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Book Review: Ritual Retellings: Luangan Healing Performances through Practice

In Ritual Retellings, Herrman invites the reader to move into a longhouse, a single-room dwelling in which many families live, and be at the center of ritual events as they unfold in response to the uncertainty and contingency of everyday life among the Luangan of central Kalimantan, Indonesia, in the mid-1990s. The Luangan of Sembulan, […]

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Book Review: Necropolitics: Mass Graves and the Exhumations in the Age of Human Rights

Necropolitics chronicles the sociopolitical conditions of exhuming clandestine mass graves and the impact this has on the management of the dead and traumatic memory. This edited volume complements a rising number of contemporary books appearing in the social sciences and humanities stimulated by growing concerns related to humanitarianism, crimes committed against humanity, truth and reconciliation […]

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Book Review: Regulating Romance: Youth Love Letters, Moral Anxiety, and Intervention in Uganda’s Time of AIDS

Uganda’s success story in reducing HIV/AIDS infection rates in the 1990s is well known in the international public health community. The generational effects and legacy of intensive international interventions are less commonly teased apart from clinical dimensions of the illness in the country’s narrative. In Regulating Romance, Shanti Parikh uses the terrain of public health […]

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Book Review: Technicians of Human Dignity: Bodies, Souls, and the Making of Intrinsic Worth

In Technicians of Human Dignity, Gaymon Bennett presents an analysis of “the politics of intrinsic worth” in what might be considered second-generation Foucauldian terms. Neither a genealogy nor a history of the present but rather an anthropology or analytic of the contemporary, the book renders human dignity as an object of the anthropology of ethics. […]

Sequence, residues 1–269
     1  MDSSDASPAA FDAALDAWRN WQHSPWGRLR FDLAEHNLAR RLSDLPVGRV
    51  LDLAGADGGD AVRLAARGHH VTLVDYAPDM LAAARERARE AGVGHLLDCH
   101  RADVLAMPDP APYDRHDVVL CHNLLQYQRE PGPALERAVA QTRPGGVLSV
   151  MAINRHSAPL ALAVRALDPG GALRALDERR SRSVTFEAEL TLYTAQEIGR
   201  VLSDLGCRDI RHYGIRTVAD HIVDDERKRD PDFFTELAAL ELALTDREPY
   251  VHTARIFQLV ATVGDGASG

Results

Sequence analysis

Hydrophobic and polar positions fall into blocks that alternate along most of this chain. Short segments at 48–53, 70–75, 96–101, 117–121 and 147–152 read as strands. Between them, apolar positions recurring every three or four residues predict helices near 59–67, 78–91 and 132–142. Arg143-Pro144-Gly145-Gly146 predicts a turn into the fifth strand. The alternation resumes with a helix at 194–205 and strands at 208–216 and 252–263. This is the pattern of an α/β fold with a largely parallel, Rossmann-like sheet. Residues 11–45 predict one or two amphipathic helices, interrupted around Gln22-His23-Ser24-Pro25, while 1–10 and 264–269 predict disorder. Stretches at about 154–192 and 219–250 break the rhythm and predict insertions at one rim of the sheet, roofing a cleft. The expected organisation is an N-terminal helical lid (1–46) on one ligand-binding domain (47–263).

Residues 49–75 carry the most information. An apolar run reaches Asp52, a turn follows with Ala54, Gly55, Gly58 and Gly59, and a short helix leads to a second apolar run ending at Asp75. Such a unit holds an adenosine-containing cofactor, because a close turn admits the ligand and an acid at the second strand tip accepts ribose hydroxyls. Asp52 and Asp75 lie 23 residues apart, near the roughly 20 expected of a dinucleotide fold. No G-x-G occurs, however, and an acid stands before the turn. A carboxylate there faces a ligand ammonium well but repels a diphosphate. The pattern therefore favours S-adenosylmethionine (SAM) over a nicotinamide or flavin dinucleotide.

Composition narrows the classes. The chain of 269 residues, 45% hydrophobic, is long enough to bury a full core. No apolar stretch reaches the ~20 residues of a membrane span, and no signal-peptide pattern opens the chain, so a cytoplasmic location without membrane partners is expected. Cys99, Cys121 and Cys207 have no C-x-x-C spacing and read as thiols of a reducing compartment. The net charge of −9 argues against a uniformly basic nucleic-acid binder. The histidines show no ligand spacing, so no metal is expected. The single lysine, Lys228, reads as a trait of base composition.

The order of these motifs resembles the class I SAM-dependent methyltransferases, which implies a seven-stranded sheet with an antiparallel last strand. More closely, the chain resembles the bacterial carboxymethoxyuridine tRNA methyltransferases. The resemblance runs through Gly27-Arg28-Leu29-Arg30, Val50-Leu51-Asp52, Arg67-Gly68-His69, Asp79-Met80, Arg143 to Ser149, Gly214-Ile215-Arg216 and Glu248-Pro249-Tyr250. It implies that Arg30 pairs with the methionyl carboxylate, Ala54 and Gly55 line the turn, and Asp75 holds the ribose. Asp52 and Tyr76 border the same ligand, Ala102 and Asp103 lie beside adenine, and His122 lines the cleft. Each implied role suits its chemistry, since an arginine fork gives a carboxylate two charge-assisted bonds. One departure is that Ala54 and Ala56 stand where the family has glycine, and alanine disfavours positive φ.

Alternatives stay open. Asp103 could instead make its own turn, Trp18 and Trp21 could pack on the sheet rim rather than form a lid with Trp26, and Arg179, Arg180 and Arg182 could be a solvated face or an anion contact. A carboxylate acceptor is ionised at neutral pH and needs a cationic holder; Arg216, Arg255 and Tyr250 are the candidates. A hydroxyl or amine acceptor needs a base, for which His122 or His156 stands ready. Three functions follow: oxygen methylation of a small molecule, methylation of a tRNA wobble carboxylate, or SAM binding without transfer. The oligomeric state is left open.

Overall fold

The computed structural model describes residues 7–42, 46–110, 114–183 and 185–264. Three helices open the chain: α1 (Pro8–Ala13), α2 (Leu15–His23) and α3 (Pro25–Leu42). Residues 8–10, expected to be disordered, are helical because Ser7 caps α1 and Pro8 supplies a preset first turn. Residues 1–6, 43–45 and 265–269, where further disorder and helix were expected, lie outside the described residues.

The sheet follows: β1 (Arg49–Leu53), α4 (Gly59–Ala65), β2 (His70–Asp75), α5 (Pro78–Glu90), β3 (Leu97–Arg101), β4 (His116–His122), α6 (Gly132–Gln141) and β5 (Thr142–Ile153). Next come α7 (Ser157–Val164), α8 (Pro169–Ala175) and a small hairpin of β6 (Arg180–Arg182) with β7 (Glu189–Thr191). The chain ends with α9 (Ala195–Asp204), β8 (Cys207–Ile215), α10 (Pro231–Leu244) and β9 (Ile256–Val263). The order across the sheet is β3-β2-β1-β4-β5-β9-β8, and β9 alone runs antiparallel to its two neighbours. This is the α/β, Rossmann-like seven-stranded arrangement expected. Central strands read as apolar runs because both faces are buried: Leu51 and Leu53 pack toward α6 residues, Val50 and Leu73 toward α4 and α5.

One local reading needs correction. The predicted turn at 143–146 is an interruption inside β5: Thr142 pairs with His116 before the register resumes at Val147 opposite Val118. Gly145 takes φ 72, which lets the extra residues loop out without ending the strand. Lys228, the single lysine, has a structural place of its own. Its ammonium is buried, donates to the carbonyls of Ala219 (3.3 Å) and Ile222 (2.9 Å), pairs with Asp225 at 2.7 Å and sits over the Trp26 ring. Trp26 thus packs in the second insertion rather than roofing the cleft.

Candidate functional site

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Book Review: Mental Health in the War on Terror: Culture, Science, and Statecraft

Much of Aggarwal’s thoughtful approach in this book is prefigured in its opening lines: “Foucault’s penetrating insights into the connections between knowledge and power, between science and politics, have gripped me since the declaration of the War on Terror. I entered medical school in 2000 and watched the 9/11 attacks unfold on live television” (p. […]

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Book Review: Doulas and Intimate Labour: Boundaries, Bodies, and Birth

Doula care is a sexy topic. Not a week goes by that some sort of media outlet, from National Public Radio to the New York Times, isn’t publishing something about doulas. Doulas have been around for centuries, but in the United States this descriptive word and accompanying profession was adopted in the 1980s. While a […]

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Book Review: Preaching Prevention: Born-Again Christianity and the Moral Politics of AIDS in Uganda

Preaching Prevention contributes to the growing literature on the response to AIDS in Africa by addressing the controversial emphasis on abstinence and faithfulness, rather than condoms, as modes of preventing infection. The first phase of PEPFAR (President’s Emergency Plan for AIDS Relief) earmarked 80% of its massive resources for treatment; of the remaining funds for […]

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Book Review: Plasticity and Pathology: On the Formation of the Neural Subject

In pairing the terms “plasticity” and “pathology,” editors David Bates and Nima Bassiri invite us to see both terms with new eyes. The volume incites readers to explore how pathology may be a site of plastic creativity, a stance that disrupts the conventional binary in which pathology indicates a lack of plastic repair and transformation. […]

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Book Review: Prescribing HIV Prevention: Bringing Culture into Global Health Communication

In Nicola Bulled’s new book, Prescribing HIV Prevention, she challenges a basic assumption of public health research—that knowledge impacts behavior. Bulled uses both qualitative and quantitative methods to examine the impact that multiple competing sources of information about HIV prevention has on Basotho people’s knowledge about HIV, their sense of risk, and their sexual relationships. […]

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Book Review: Namibia’s Rainbow Project: Gay Rights in African Nation

Namibia’s Rainbow Project is a unique ethnographic book about the way an organization working for sexual health and rights recognition takes actions in an African country. The book is based on ethnography of many years among the Rainbow project (TRP), an organization active in the health and sexual rights sector in Namibia. It focuses on […]

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